Jeurys Familia, The Mets’ 27-year-old closer, was diagnosed with an arterial blood clot in his right shoulder yesterday. Though he’ll likely be out for a while, if not the duration of the season, Familia is fortunate that this was caught now. Further testing is underway to determine if surgery is indicated.
Familia, whose command was an issue this season, especially so in his first blown save this week, said “I just didn’t have it today.” But it proved so much more than that once he was examined by team physicians.
The NY Daily News reported that a scout had noted that Familia’s velocity had been down this season and his “splitter had less drop”, leaving the ball up far too much. He had pitched Monday, Tuesday and Wednesday, this week, his second three consecutive game stretch of the season and 11th appearance out of the 18 games played since his return from suspension. Last year Familia closed on three consecutive days six times and risk of overuse was discussed in the media.
Others Who Have Been There
Blood clots in the axillary artery or compression in the thoracic outlet are not as uncommon as one may think in a population of young, otherwise healthy overhead athletes. The Mets know this all too well, with Matt Harvey having had surgery 2016, and Dillon Gee in 2012.
Symptoms of a clot in the region of the shoulder can include arm fatigue, complaints of a “dead arm”, or numbness and tingling in the arm or hand. All of these symptoms can also have alternate causes.
The significance of a blood clot cannot be overstated. If dislodged, clots can cause stroke or heart attack. J.R. Richard, who might have been the most dominant pitcher in 1980 when he began to complain of arm fatigue, suffered a severe stroke when his symptoms were initially ignored by the medical team and then his clot went undetected on physical exam. For Richard’s account of his ordeal, read this.
Cause and Effect of Axillary Vascular Issues
The repetitive and extreme demand that the young overhead athlete places on his or her shoulder causes the developing skeletal system to adapt. Pitchers in particular succeed in part because of these adaptations: increased external (outward) rotation at the shoulder, an altered position of the head of the humerus and of the joint itself (which become more retroverted), and laxity in the front of the shoulder. Not only do these changes impact the stability of the shoulder, but they have also been shown to place the muscles, other joint components as well as the vascular structures at greater risk of injury.
When the ability of any tissue to withstand the demand placed upon it is exceeded, the dynamic is altered and results in tissue failure and injury. Damage can be acute but also progressive and chronic. The torque and shearing forces produced during the pitching motion are so extreme as to make injury more likely.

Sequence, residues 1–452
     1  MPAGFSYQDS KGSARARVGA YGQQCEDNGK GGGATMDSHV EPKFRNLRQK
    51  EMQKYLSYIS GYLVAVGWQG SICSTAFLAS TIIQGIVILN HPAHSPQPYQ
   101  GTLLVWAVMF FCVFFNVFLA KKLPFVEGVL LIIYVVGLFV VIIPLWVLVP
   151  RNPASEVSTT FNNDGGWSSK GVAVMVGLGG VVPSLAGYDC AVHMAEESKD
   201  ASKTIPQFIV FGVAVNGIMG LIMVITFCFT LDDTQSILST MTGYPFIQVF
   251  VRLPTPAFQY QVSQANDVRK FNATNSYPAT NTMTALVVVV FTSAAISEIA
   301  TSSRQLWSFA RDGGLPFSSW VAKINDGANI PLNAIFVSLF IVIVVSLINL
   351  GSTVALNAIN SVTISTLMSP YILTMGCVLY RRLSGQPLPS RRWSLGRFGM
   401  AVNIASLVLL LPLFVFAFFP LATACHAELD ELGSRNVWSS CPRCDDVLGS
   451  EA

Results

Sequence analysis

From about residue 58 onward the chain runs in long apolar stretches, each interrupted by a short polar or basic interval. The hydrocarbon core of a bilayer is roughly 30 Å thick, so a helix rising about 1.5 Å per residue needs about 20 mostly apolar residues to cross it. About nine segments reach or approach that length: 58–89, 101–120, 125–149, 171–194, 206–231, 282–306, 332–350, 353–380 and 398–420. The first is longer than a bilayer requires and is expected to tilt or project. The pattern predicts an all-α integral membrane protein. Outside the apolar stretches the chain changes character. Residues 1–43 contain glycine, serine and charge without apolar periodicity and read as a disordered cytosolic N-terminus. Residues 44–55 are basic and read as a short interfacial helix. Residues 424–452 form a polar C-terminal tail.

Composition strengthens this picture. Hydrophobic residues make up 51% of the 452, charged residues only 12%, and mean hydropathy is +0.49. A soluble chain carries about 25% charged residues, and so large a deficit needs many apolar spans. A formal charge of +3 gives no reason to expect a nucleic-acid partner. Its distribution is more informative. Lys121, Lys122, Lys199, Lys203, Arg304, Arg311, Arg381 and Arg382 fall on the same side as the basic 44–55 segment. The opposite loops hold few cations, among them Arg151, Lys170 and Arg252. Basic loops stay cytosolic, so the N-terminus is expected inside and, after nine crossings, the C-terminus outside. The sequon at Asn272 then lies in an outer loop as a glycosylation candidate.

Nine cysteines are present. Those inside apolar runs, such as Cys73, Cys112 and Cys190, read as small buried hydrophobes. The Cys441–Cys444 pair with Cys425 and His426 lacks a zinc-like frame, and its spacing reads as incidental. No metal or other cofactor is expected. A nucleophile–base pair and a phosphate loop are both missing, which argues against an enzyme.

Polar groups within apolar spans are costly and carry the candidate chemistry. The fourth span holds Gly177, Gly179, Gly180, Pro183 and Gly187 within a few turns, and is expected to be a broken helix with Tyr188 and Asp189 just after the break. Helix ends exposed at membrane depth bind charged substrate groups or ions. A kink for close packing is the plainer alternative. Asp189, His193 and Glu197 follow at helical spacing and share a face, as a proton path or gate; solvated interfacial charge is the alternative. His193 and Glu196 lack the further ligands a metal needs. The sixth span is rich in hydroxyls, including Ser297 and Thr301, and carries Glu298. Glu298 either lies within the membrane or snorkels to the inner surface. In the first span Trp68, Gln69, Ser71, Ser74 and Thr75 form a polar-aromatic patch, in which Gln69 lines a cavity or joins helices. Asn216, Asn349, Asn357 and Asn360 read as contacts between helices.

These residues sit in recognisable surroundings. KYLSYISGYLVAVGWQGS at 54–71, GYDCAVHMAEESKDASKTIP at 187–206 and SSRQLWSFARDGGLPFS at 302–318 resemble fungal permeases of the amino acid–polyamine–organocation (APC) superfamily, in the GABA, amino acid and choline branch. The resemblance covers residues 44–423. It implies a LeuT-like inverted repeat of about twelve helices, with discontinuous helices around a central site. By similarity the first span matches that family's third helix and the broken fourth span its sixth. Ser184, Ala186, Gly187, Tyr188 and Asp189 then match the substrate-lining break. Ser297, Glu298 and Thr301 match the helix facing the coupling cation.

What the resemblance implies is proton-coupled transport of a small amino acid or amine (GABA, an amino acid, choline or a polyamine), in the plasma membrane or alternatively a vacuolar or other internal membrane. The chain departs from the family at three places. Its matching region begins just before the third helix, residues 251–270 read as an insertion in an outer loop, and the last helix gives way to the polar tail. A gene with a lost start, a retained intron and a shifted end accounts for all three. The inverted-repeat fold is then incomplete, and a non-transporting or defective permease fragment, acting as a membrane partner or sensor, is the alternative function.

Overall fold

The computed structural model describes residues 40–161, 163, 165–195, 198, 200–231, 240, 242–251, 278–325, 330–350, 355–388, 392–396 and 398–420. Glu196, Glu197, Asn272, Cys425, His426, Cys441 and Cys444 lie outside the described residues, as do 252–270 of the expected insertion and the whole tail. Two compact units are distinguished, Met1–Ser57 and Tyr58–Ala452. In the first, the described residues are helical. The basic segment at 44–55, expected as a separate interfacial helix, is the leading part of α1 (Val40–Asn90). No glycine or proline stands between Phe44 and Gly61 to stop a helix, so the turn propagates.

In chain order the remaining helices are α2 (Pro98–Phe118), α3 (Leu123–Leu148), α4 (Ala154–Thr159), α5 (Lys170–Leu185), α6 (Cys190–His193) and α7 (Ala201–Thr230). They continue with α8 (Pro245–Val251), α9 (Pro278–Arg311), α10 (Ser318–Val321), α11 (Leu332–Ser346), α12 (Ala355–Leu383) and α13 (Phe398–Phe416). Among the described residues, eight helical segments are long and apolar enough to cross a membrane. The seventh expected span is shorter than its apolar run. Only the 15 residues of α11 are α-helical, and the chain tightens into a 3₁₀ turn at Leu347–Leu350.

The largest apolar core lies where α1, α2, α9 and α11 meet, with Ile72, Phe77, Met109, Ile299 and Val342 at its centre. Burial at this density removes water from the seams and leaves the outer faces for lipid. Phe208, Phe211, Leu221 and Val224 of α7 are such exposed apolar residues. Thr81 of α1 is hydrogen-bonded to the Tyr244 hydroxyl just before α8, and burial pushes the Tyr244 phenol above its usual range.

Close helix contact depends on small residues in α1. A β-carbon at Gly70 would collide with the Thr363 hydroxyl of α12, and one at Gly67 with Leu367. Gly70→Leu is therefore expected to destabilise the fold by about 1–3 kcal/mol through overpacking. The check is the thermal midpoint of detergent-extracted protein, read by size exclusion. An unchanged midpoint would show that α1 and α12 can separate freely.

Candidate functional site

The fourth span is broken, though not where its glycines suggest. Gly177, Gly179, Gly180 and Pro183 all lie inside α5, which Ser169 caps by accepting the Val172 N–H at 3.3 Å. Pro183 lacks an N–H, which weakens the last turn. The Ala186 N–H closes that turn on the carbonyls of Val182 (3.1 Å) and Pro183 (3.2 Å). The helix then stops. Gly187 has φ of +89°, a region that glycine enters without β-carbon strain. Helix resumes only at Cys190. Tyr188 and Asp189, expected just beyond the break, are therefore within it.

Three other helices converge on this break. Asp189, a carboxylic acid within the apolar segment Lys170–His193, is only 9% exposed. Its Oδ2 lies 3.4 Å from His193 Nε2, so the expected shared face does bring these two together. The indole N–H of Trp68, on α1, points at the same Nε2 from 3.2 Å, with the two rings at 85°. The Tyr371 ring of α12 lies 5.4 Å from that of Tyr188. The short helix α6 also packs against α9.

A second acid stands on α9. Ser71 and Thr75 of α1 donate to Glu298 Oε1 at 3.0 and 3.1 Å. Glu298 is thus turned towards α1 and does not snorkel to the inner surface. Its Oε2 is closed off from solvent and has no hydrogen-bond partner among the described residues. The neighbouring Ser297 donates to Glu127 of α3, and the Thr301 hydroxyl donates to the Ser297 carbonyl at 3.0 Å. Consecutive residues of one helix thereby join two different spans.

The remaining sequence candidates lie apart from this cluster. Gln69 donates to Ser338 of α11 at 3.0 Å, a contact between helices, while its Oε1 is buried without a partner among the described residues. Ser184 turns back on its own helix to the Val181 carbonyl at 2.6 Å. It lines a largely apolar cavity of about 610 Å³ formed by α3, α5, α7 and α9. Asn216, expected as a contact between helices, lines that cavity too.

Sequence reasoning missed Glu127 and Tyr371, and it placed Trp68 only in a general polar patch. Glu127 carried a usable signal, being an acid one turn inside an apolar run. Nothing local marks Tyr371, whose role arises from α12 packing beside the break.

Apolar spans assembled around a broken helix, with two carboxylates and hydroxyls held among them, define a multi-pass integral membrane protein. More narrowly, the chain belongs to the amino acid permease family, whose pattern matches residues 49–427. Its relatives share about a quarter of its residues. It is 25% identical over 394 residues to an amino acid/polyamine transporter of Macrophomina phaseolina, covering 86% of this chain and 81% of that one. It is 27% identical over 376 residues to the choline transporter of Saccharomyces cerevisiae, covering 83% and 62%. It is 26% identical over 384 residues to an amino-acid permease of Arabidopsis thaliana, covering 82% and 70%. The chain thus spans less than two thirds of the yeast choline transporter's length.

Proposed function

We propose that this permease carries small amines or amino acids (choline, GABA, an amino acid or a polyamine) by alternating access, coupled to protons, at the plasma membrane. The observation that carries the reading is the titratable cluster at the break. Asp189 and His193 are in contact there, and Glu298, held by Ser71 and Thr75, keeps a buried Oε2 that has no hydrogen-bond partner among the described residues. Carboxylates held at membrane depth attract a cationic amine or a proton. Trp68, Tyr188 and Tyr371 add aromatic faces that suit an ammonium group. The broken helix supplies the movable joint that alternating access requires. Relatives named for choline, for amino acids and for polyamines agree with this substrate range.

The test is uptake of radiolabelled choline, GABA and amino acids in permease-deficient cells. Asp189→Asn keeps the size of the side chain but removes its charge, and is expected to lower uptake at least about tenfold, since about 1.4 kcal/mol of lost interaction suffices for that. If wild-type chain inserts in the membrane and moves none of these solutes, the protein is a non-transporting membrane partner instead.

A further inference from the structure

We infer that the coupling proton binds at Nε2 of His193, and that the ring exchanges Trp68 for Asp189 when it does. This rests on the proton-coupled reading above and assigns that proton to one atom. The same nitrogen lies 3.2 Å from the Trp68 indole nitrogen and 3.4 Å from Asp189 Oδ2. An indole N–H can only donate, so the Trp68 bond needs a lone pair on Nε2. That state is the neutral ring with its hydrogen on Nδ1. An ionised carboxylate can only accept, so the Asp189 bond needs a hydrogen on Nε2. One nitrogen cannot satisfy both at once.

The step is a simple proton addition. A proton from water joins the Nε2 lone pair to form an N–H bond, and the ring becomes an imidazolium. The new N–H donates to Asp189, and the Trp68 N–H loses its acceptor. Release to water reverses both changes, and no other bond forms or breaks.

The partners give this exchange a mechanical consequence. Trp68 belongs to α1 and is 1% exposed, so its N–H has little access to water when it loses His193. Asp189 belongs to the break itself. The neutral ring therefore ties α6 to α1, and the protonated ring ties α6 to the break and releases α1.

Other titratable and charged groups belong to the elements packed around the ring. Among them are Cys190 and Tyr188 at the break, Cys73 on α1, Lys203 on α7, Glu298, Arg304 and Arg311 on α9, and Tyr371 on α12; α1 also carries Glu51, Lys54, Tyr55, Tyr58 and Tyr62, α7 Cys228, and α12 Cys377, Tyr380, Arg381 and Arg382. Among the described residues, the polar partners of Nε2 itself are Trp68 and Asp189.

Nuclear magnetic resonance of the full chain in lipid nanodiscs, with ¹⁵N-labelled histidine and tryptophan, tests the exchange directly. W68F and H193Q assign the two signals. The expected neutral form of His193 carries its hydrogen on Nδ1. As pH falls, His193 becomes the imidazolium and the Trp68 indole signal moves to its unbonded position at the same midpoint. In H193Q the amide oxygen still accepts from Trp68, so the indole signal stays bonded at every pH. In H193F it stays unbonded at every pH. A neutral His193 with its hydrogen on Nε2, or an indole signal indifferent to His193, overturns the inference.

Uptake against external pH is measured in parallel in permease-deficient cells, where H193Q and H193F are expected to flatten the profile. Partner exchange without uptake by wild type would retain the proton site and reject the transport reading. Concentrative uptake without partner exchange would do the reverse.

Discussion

A study that examined the effects of throwing on upper extremity arterial blood flow found that “pitchers with signs of shoulder laxity had a significant decrease in arterial blood flow compared with throwers with no evidence of laxity. This vascular insufficiency probably occurs because of the repetitive positional compression onto the third portion of the axillary artery as the humeral head translates anteriorly during the late cocking phase of throwing.”
Aneurysms and Thoracic Outlet Syndrome
Other studies using ultrasound concurred with the above, finding that “intermittent compression can cause chronic changes in downstream vascular sufficiency and potentially lead to an axillary artery aneurysm or thrombus in the overhead throwing athlete.”
An aneurysm is an enlargement caused by the weakening of the walls of an artery. A thrombus is a clot that forms in the blood vessel thereby disrupting blood flow. When such a clot dislodges and travels through the bloodstream it is called an embolus.
In 1996, David Cone, a pitcher on the NY Yankees, was diagnosed with an axillary aneurysm. In his case clots formed in the area and broke away causing symptoms in his hand and fingers. For more on aneurysms in pitchers read here.
Thoracic Outlet Syndrome (TOS) entails the compression of the neurovascular bundle (nerves and/or blood vessels) that lies in the area known as the thoracic outlet.
The boundaries of this space are the clavicle (collarbone), the first rib, the subclavius and scalene muscles of the neck as well as the costoclavicular ligament (which connects the first rib to the clavicle). This positional compression, causing reduced blood flow or neurologic symptoms down the arm and to the hand, is more likely to be symptomatic amongst elite overhead athletes. Matt Harvey had surgery last year to treat the condition by removing a rib.